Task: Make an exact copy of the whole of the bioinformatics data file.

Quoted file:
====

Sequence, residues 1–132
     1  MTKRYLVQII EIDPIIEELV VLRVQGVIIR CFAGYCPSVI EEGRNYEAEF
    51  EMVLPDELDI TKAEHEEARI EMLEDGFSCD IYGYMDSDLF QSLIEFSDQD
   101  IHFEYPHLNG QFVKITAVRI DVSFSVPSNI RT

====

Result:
Sequence, residues 1–132
     1  MTKRYLVQII EIDPIIEELV VLRVQGVIIR CFAGYCPSVI EEGRNYEAEF
    51  EMVLPDELDI TKAEHEEARI EMLEDGFSCD IYGYMDSDLF QSLIEFSDQD
   101  IHFEYPHLNG QFVKITAVRI DVSFSVPSNI RT